The aim of the study was to test the potential role of breast arterial calcification (BAC) in the prediction of coronary artery disease (CAD) in women. The criterion standard for CAD diagnostics was coronary angiography.
This retrospective study enrolled 163 consecutive women, who underwent digital mammography and coronary angiography in our hospital. We assessed the presence and severity of BAC, and tested whether the presence and/or extent of BAC could be a predictor for CAD, quantified by Gensini score.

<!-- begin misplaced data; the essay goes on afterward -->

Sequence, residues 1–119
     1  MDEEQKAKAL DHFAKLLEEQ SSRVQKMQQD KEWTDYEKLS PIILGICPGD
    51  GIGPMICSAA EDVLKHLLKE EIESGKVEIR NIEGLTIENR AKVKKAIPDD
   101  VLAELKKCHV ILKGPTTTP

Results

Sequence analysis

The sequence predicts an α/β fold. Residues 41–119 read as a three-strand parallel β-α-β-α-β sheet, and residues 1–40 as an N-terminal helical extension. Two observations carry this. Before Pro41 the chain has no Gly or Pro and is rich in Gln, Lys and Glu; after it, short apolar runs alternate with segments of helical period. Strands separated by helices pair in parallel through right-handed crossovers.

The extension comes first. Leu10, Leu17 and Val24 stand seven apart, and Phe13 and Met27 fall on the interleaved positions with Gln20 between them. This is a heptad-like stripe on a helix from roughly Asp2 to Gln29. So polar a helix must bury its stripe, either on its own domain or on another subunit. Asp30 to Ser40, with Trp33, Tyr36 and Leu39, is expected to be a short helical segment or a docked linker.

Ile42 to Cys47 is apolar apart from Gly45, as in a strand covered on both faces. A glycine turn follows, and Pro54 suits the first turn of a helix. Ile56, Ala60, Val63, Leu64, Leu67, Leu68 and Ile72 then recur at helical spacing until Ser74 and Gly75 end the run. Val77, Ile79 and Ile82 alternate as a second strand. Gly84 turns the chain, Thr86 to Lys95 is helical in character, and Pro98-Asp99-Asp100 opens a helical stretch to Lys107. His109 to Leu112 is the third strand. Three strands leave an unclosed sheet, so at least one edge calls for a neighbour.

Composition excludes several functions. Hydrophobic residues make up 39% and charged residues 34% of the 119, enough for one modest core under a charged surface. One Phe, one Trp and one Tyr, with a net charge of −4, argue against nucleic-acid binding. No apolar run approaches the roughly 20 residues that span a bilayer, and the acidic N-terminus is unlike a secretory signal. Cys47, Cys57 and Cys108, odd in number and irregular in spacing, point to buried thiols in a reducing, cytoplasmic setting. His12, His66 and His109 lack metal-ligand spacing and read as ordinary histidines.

BAC was presented in 34 patients (21%). Neither the presence of CAD (17 patients, 50%, vs 55 42.6%, P = 0.44), nor the Gensini score (20.5 ± 29.7 vs 15.4 ± 24.1, P = 0.3) differed significantly between BAC-present and BAC-absent patients.
A finding of triple-vessel disease, however, more frequently occurred in the BAC-present (seven patients, 20.6%) than in the BAC-absent (nine patients, 7%) group, odds ratio (OR) 3.1, 95% CI 1-9.5, P = 0.049. The presence of BAC did not significantly increase the odds for the presence of CAD (OR = 1.29, P = 0.54). Among the subgroup of patients with CAD, BAC presence was associated with triple vessel disease (OR = 3.34, P = 0.049).
We did not confirm BAC as a predictor of CAD. However, BAC showed association with more severe forms of coronary atherosclerosis (triple vessel disease).